WASHINGTON, July 5 (Xinhua) -- It remains doubtful what substantial progress the visit by U.S. Secretary of State Mike Pompeo to the Democratic People's Republic of Korea (DPRK) beginning Friday will made on the Korean Peninsula's denuclearization, U.S. experts said.
His trip, the third in some three months, is mainly intended to implement the results of the June 12 meeting in Singapore between President Donald Trump and the DPRK's top leader Kim Jong Un.
"On this trip I'm seeking to fill in some details on these commitments and continue the momentum towards implementation of what the two leaders promised each other and the world. I expect that the DPRK is ready to do the same," Pompeo said after arriving in Pyongyang.
However, analysts said that a lack of trust and specific initiatives of the two sides would make his mission a tough one.
The White House and State Department on Monday announced Pompeo's travel plan to the DPRK on July 5-7. The trip, the first of its kind since the Trump-Kim meeting, has "at least a day and a half of meetings planned, depending on how the schedule goes."
The State Department said that during his stay in Pyongyang, Pompeo will "continue consultations and implement the forward progress made by President Trump and Chairman Kim in Singapore."
However, Pompeo's mission reportedly remains unsettled even before his leaving.
Earlier on Sunday, Trump's national security advisor John Bolton said Washington has a plan to dismantle majority of Pyongyang's nuclear and ballistic missile programs in a year, and that Pompeo will discuss this with Pyongyang during his visit.
The State Department has said it will not provide a timeline for Pyongyang's abandonment of nuclear and missile program.
Spokesperson Heather Nauert said Tuesday, "We're continuing our conversations and also our consultations with the North Korean government about what the president and what Kim Jong Un agreed to at the Singapore summit."
Tong Kim, a fellow at the Institute for Corean-American Studies (ICAS), wrote on July 1 in The Korea Times that Pompeo expects "to work out the details of how to proceed on the denuclearization process" while in Pyongyang, and "once the follow-up talks begin, a lower working level negotiation may complement the ministerial talks, as the negotiations will deal with highly technical details."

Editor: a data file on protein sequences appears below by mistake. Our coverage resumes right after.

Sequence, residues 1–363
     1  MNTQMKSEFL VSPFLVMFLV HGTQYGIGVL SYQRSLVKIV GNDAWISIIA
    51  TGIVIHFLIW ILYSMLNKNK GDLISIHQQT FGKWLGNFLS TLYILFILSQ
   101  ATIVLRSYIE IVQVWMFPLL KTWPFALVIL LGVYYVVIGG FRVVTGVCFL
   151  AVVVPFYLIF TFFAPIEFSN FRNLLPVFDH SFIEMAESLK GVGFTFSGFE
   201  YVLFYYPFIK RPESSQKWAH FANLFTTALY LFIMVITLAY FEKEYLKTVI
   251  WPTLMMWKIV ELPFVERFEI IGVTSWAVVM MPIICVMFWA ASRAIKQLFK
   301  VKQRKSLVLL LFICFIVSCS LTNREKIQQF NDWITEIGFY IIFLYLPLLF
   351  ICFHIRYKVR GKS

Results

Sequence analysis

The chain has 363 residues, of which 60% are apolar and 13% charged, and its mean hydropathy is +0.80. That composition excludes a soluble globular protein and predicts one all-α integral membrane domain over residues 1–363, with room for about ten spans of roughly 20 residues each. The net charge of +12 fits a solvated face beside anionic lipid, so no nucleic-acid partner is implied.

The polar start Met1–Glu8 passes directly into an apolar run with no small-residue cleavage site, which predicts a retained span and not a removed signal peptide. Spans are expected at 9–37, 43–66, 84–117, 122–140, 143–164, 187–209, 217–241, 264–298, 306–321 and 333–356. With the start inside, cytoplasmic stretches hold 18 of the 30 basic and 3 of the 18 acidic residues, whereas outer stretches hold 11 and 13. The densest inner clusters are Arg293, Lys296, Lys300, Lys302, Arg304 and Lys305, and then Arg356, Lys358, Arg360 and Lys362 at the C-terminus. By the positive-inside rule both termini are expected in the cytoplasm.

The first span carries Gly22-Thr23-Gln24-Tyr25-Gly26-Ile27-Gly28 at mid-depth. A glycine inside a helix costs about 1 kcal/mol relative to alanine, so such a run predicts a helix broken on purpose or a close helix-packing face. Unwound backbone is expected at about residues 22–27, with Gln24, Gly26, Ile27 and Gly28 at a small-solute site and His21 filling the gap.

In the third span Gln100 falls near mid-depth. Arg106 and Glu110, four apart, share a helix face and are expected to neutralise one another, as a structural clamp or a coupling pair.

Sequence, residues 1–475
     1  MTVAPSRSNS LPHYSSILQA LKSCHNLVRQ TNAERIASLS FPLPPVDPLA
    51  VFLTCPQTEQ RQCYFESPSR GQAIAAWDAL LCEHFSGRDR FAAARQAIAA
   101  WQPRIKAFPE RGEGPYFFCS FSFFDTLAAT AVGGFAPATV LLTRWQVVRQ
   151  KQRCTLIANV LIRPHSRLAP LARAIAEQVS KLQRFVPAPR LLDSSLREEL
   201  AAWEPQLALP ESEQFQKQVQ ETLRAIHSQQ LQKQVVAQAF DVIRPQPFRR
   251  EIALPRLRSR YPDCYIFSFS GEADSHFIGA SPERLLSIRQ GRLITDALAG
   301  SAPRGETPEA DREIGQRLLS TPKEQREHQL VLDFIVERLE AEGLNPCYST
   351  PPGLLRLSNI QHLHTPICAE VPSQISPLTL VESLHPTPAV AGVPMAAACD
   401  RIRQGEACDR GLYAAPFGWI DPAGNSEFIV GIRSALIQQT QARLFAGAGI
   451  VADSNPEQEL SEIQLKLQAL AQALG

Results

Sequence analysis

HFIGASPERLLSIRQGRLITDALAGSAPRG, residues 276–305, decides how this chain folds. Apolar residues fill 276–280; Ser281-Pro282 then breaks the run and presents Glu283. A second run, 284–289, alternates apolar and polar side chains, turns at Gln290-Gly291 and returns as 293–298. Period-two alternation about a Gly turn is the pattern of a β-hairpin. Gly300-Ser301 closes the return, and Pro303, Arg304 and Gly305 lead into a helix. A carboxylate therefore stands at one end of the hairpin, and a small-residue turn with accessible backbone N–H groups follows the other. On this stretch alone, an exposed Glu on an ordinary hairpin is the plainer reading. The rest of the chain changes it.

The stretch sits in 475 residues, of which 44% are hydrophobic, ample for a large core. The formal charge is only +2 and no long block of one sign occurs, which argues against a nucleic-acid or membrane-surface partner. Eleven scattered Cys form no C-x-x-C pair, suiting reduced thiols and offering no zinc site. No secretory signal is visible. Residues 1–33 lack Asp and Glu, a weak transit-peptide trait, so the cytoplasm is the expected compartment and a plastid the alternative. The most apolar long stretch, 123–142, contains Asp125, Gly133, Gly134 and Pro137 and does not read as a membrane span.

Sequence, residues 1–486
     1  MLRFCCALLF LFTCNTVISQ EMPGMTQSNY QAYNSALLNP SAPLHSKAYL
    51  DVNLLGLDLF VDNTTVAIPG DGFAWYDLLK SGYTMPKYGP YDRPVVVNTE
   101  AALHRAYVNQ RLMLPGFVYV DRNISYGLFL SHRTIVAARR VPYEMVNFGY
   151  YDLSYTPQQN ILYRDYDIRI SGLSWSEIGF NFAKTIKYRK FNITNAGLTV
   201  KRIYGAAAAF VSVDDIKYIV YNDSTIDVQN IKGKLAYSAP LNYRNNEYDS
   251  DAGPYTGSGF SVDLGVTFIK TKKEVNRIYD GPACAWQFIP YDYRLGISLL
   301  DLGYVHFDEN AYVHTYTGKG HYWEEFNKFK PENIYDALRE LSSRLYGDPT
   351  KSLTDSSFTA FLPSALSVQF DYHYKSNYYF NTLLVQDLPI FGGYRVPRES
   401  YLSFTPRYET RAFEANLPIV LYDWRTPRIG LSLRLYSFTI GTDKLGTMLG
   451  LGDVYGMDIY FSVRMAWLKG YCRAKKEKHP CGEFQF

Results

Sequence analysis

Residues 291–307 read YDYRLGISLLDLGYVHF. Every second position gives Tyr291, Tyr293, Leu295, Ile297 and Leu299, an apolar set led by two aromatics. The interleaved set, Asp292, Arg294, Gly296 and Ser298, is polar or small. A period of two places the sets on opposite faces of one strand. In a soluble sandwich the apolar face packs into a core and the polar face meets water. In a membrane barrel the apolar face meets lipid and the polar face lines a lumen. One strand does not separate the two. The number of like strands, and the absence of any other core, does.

Daryl G. Kimball, the Executive Director of the Arms Control Association, said on July 1 that with Pompeo's first order of business would be "to agree on a framework for ongoing, direct, expert-level negotiations on the details and time frame for action-for-action steps."
The process could be coordinated through high level with the participation of relevant parties, he said. "An early goal should be to reach a common understanding, in writing, about what denuclearization entails."
U.S. analysts argued that Pompeo faces a tough mission of making tangible progress after Trump met with Kim, and a mutual strategic mistrust.
A recent article by Vanity Fair argued that "part of the problem is a total lack of agreement over the terms of denuclearization."
ICAS's Tong Kim noted that "for North Korea to agree on any specific road map, it will be required to address the complicated relevant issues -- such as security guarantees, a peace regime, and a normalized relationship to the satisfaction of North Korea, as they go down the road toward the ultimate state of denuclearization."
"Provision of benefits can and should be built in an overall phased process" of the Peninsular denuclearization, he said.
Joseph Yun, former U.S. special representative for the DPRK policy, was quoted by Nikkei Asian Review as saying that "You only have a timeline if you know what the object is. (But) there is no fundamental trust. And it makes (the negotiations) so much harder."
In efforts towards denuclearization and lasting peace on the Korean Peninsula, China has proposed a "dual-track" approach, urging both Washington and Pyongyang to meet each other halfway.
ICAS's Tong Kim noted that the Trump administration "has become realistic to seriously consider the acceptability of 'a phased and synchronized approach,'" as "Washington no longer demands immediate and total denuclearization upfront."
Suzanne DiMaggio, from Washington D.C.-based think tank New America Foundation, predicted "a long process" ahead, saying "Arriving at a detailed plan for next steps should be the priority for U.S. negotiators."
"There will be milestones along the way that will need to be certified by outside observers. It remains to be seen how that process will take place," Darrell West, senior fellow at the Brookings Institution, told Xinhua.
Kimball, of the Arms Control Association, said on July 1, "Comprehensive denuclearization will take years," suggesting that Washington give Pyongyang "formal security guarantees, including a commitment not to initiate the use of force against one another, and a hotline agreement to help avoid miscommunication in a crisis," as well as the removal of U.S. strategic bombers and offensive-strike assets from any future joint military exercises with South Korea.
"Success is far from guaranteed. Yet, the pursuit of disarmament diplomacy with North Korea is far better than the alternatives," he added.